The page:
Developing technologies in manufacturing, patient-matching and timely personalized patient care have identified the need to establish guidance and policy around the regulatory responsibilities of entities engaging in Point of Care (PoC) 3D printing. On December 10, 2021, the U.S. Food and Drug Administration (FDA) released a discussion paper regarding 3D printing medical devices at the PoC as a first step in the process, with the goal of gathering early public input. The intention is to facilitate input from industry to further develop a Center for Devices and Radiological Health (CDRH) guidance and not to communicate any current policy, as stated within the disclaimer displayed at the beginning of the paper.
Within the discussion paper, some of the regulatory challenges that come with 3D printing at the PoC as opposed to traditional manufacturing operations at a medical device manufacturing site are reviewed. Concepts around proposed oversight approaches are also presented, seeking input from the public on a set of discussion questions.
Challenges with PoC 3D Printing
FDA identified the following specific challenges around 3D printing at the PoC:
- Verifying devices 3D printed at PoC are safe and effective
- Assuring appropriate control of devices 3D printed at PoC
- Clarifying the responsible entity
- PoC training and capabilities
FDA Oversight and Regulation
An obvious challenge is that certain 3D printing activities could be considered manufacturing activities, shifting some manufacturing responsibility from traditional medical device manufacturers to the PoC healthcare facility. This paper suggests that healthcare facilities engaging in 3D printing of devices could be asked to meet manufacturer requirements established in 21 CFR, including but not limited to part 807 (registration and listing), part 820 (quality system regulation), part 803 (medical device reporting) and part 806 (reports of corrections and removals).
Following the guidance laid out by the International Medical Device Regulators Forum (IMDRF), FDA is considering a 3D printing medical devices production system (MDPS) to be a device under the Federal Food, Drug, and Cosmetic Act (FD&C Act). An MDPS includes the raw materials, software and digital files, main production and post-processing equipment intended to be used to produce a medical device with a specific purpose. Devices manufactured by the MDPS would still conform to traditional risk and classification based regulatory requirements, which would be used to inform the responsibilities of the healthcare facility engaging in PoC 3D printing.
FDA has presented a few concepts that form their proposed regulatory oversight approach, but as expected, risk management is critical, and risks associated with 3D printing as well as those related to device use should be considered. They also lay out three potential scenarios that could exist between a traditional manufacturer, healthcare facility and the MDPS, and are requesting industry input through specific discussion questions.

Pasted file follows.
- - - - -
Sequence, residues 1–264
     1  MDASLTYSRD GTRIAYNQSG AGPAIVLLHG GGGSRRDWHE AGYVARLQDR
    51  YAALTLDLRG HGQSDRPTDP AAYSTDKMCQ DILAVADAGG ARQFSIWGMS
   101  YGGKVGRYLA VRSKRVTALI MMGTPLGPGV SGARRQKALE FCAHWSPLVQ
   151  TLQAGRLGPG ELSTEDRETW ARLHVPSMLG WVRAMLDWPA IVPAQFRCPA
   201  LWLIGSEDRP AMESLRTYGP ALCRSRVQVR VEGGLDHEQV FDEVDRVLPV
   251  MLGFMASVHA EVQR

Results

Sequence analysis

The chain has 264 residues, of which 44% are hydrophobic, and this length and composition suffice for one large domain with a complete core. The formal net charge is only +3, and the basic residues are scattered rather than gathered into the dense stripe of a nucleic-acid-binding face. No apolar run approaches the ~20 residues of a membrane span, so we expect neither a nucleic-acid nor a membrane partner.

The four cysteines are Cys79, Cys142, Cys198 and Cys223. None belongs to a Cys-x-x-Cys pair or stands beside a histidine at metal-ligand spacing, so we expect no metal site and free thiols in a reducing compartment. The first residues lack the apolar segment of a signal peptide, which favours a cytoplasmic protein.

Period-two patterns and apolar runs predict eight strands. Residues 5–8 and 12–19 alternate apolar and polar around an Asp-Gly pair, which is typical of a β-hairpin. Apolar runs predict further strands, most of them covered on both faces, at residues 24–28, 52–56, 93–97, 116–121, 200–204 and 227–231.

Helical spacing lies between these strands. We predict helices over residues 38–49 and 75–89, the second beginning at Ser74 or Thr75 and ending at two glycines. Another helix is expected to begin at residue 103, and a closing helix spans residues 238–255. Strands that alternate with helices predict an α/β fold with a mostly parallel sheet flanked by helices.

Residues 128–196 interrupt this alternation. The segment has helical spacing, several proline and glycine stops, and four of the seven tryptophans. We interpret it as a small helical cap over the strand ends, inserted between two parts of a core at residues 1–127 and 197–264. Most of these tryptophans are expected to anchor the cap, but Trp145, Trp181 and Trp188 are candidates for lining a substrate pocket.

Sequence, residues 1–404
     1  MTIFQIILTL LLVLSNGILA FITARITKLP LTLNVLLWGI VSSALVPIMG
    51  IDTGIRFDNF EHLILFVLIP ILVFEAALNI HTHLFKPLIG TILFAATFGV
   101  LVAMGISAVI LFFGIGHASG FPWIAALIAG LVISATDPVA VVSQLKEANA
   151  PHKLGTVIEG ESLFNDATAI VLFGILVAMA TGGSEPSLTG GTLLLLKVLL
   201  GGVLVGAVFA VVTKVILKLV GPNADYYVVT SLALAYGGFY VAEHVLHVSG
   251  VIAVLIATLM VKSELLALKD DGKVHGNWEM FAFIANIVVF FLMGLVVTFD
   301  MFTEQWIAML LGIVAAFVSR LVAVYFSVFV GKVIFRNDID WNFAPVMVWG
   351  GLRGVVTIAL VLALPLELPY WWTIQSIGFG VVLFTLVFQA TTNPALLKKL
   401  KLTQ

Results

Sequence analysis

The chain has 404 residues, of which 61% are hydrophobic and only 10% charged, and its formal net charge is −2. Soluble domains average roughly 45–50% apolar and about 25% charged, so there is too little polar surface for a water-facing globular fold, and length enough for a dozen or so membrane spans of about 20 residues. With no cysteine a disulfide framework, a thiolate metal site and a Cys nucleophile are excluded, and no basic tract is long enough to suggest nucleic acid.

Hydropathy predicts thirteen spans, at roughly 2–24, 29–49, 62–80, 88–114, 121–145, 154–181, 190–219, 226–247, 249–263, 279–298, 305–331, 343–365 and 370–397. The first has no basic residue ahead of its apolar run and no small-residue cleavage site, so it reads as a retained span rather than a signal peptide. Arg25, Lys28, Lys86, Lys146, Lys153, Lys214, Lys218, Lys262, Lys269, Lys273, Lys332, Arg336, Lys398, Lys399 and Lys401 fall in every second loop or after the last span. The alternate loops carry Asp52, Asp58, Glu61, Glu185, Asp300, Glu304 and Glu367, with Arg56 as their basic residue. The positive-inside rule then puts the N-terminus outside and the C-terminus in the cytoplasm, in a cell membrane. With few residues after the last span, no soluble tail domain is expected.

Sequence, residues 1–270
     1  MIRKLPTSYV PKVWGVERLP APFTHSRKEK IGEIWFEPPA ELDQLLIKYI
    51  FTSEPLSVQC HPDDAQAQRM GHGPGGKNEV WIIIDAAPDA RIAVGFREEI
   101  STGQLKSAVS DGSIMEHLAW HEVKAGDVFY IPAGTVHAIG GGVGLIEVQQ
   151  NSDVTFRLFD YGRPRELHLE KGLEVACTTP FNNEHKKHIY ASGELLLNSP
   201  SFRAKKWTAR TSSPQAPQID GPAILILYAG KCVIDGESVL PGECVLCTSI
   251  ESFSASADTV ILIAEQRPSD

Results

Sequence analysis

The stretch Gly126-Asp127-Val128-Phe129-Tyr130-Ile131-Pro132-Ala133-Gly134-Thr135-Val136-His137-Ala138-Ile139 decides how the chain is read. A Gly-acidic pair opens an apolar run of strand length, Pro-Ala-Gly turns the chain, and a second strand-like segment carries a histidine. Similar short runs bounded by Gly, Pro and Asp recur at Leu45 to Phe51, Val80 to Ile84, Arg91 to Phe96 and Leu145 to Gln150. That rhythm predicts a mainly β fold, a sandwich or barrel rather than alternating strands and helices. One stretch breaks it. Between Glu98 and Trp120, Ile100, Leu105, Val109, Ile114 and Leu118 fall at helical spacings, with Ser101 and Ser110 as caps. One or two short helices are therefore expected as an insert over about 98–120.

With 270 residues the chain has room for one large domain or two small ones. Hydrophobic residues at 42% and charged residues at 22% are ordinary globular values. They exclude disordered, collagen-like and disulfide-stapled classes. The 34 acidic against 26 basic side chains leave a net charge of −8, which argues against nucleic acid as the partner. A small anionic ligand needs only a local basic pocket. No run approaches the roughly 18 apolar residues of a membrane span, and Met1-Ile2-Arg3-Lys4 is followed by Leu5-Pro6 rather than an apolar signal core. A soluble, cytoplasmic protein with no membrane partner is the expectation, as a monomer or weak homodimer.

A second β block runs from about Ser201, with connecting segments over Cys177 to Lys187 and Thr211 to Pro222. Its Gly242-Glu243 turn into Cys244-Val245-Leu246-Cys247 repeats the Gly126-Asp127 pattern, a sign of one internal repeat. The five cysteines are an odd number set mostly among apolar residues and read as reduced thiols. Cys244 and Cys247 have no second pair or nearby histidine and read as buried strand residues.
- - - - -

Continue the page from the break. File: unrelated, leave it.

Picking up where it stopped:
The last day to submit comments or feedback is February 8, 2022. Visit https://www.regulations.gov, Docket No. FDA-2021-N-1272, to submit your responses or provide other comments or questions on this discussion paper.
How Can NAMSA Help?
NAMSA is the industry leader in driving successful regulatory outcomes through effective interactions with the FDA. In fact, our internal teams of medical device development experts communicate with the FDA nearly every day. From Pre-Submission meetings – to Pre-IDE preparation – and FDA inspection preparation, our teams are the most experienced in industry at accelerating regulatory submissions and approvals for device manufacturers. This expertise has been proven to save medical device organizations up to $17M in costs and 23 months in development timelines.
If you are interested in speaking with us about FDA-related activities or other global regulatory strategies, please contact us at: https://www.namsa.com/contact-us.
Kelly Kucharczyk, RAC
Kelly Kucharczyk leads NAMSA’s Global Medical Writing and U.S. Regulatory and Quality Services teams. She has developed numerous regulatory strategies and authored submissions with the goal of efficiently getting safe technologies to market. Prior to joining NAMSA in 2019, Kelly specialized in Orthopedic device strategies and submissions with a long history of working with surgical sutures. She is passionate about helping clients expedite their market access timelines through early and on-going development of regulatory strategy, critical assessment of testing, and communication with regulators.